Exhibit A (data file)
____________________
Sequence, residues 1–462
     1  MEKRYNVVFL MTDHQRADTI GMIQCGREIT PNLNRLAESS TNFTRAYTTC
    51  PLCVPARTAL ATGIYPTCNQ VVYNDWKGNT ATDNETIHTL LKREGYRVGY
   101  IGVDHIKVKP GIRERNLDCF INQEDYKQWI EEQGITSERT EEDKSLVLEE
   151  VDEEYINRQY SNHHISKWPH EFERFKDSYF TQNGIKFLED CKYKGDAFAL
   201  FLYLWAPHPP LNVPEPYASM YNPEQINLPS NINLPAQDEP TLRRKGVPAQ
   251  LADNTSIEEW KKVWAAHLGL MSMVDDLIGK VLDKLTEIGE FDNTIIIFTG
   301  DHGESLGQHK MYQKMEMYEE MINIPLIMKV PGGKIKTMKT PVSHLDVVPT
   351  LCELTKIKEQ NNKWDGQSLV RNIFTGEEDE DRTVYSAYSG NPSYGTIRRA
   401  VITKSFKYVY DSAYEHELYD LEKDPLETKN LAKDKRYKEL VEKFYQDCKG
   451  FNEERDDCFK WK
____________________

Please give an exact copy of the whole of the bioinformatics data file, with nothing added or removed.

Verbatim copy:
Sequence, residues 1–462
     1  MEKRYNVVFL MTDHQRADTI GMIQCGREIT PNLNRLAESS TNFTRAYTTC
    51  PLCVPARTAL ATGIYPTCNQ VVYNDWKGNT ATDNETIHTL LKREGYRVGY
   101  IGVDHIKVKP GIRERNLDCF INQEDYKQWI EEQGITSERT EEDKSLVLEE
   151  VDEEYINRQY SNHHISKWPH EFERFKDSYF TQNGIKFLED CKYKGDAFAL
   201  FLYLWAPHPP LNVPEPYASM YNPEQINLPS NINLPAQDEP TLRRKGVPAQ
   251  LADNTSIEEW KKVWAAHLGL MSMVDDLIGK VLDKLTEIGE FDNTIIIFTG
   301  DHGESLGQHK MYQKMEMYEE MINIPLIMKV PGGKIKTMKT PVSHLDVVPT
   351  LCELTKIKEQ NNKWDGQSLV RNIFTGEEDE DRTVYSAYSG NPSYGTIRRA
   401  VITKSFKYVY DSAYEHELYD LEKDPLETKN LAKDKRYKEL VEKFYQDCKG
   451  FNEERDDCFK WK